### Video Transcript

In this video, we’ll learn how to
find the areas of rectangles and squares using a formula. And we’ll learn how to apply this
to real-life problems. We’ll begin by recalling some of
the key terms that we’ll use in this video, before looking at how counting squares
in a rectangle can help us to drive a formula for their area. We’ll then apply this formula to a
number of examples, including those with integer and noninteger dimensions, before
considering how the formula can help us to calculate missing lengths given the
area.

Remember, the area of a shape is
the amount of two-dimensional space the shape takes up. We measure it in square units, such
as square centimeters, square meters, and square feet. The perimeter, on the other hand,
is the total distance around the edges of the shape. And it’s measured in standard
units, such as centimeters, meters, or feet.

Now, we can calculate the area of a
shape by simply counting square units. For example, let’s take this
rectangle. It contains a number of unit
squares. These are squares whose side length
are one unit each. We can count the number of squares
it contains. One, two, three, four, five, six,
seven, eight, nine, 10, 11, 12, 13, 14, 15, 16, 17, 18. Since it contains a total of 18
squares, its area is 18 square units. And if we let the dimensions be in
centimeters, then we can say that the area of the rectangle is 18 square
centimeters. But is there a quicker way to
calculate this?

Well, yes, we can see that the
rectangle contains three rows of squares. Each row contains six squares. We can therefore calculate the
total number of squares and therefore the area of our shape by multiplying three by
six, which once again gives us an area of 18 square centimeters. Notice also that we could have
alternatively said that the shape contains six columns, each of which contains three
squares. This time, we multiply six by
three. But since multiplication is
commutative, that is, it can be done in any order, we’ll get the same answer.

And in other words, we can say that
we can find the area of our rectangle by calculating the product of its
dimensions. If we say that the dimensions of
our rectangle are its width and its height, then its area is calculated by
multiplying its width by its height. This might alternatively be written
as width times length or base times height. Now, since a square is simply a
rectangle whose dimensions are equal, we can amend the formula slightly and say that
the area of a square is the length of its base or one of its edges squared.

Let’s now have a look at the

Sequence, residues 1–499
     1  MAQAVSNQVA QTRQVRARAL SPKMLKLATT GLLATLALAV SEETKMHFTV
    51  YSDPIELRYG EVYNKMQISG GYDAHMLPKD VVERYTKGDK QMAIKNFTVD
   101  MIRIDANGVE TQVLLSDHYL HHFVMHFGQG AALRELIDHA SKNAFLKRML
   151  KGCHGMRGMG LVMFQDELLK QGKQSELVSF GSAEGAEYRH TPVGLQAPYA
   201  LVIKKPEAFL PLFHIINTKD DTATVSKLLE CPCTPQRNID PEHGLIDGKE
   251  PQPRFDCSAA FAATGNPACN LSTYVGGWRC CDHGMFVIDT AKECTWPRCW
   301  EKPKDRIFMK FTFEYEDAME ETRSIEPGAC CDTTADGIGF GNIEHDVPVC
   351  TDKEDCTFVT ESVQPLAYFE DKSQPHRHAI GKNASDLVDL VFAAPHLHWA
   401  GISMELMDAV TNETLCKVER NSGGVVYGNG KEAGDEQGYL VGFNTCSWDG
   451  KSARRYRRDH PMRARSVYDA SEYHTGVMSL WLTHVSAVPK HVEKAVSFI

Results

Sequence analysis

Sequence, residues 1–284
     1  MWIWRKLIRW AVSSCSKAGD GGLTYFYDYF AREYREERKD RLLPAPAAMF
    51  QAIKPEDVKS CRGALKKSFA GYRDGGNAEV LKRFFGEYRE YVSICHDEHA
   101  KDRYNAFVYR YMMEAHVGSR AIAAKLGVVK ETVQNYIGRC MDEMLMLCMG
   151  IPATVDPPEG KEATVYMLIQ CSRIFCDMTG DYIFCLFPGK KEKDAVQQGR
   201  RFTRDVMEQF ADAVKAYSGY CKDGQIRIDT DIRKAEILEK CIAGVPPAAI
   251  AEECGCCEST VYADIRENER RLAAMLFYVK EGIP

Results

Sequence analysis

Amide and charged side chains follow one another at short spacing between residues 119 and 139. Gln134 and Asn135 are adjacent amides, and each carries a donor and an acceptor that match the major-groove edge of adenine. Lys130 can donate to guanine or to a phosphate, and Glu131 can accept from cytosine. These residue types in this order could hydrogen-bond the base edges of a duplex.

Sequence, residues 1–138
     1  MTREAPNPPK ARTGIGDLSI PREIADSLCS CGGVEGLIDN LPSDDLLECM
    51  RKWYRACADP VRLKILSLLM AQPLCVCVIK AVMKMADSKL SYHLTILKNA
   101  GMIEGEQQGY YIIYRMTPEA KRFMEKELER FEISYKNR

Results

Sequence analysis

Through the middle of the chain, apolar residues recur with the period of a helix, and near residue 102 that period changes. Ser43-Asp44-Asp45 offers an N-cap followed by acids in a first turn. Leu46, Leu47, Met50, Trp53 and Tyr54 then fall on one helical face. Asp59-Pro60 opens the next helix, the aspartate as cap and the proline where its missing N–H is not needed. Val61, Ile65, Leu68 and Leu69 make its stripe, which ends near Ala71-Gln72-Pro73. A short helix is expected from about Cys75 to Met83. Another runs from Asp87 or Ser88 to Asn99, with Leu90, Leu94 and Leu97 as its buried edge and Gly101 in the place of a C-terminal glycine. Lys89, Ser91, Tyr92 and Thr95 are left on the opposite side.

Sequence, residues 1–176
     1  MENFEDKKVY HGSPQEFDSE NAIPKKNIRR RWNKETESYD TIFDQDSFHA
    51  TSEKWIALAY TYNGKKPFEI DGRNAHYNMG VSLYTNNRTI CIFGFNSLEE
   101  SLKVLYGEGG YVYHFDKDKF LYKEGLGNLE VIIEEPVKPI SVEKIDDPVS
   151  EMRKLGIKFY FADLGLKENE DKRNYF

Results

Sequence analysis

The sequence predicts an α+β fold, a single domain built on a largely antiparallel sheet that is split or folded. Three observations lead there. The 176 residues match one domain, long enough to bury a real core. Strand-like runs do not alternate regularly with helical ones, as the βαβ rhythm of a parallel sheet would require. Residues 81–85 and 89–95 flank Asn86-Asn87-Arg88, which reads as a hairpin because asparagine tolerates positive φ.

application of this formula.

Emma is buying a new house. She needs to find the area of each
room to check whether her new furniture will fit into each of the rooms. The rooms’ dimensions are measured
in feet. Find the area of the living
room.

We’ve been given the floor plan of
a house, and we’re being asked to find the area of the living room. Well, we see that the living room
is this space here. And it’s in the shape of a
rectangle. So we recall that for a rectangle
whose dimensions are labeled width and height, its area is width multiplied by
height. In this case, the dimensions are
measured in feet. So we’ll define the width of our
living room as 11 feet and its height as nine feet.

Now, of course, we know that we’re
going to be multiplying these values. And multiplication is
commutative. So we could have defined the height
as being 11 feet and the width as being nine feet, and we would’ve achieved the same
answer. The area of our living room is 11
multiplied by nine, which is 99. And of course, since we’re working
with area, we know we’ll have square units, and the units here are feet. So we find the area of the living
room to be equal to 99 square feet.

In our next example, we’ll have a
look at a real-life application of the area of a square.

This is a quilt square where each
side is 4.75 inches. Scarlett plans to use 12 squares
identical to the one below to make a small blanket. In square inches, what will be the
size of the blanket?

Let’s begin by adding the
dimensions to our diagram. We’re told that the side length of
our square is 4.75 inches. And of course, we know that squares
have four equal sides. 12 such squares, we call these
congruent squares, are going to be used to make a small blanket. And our job is to calculate the
size of the blanket. In other words, we’re going to be
calculating the area of the blanket.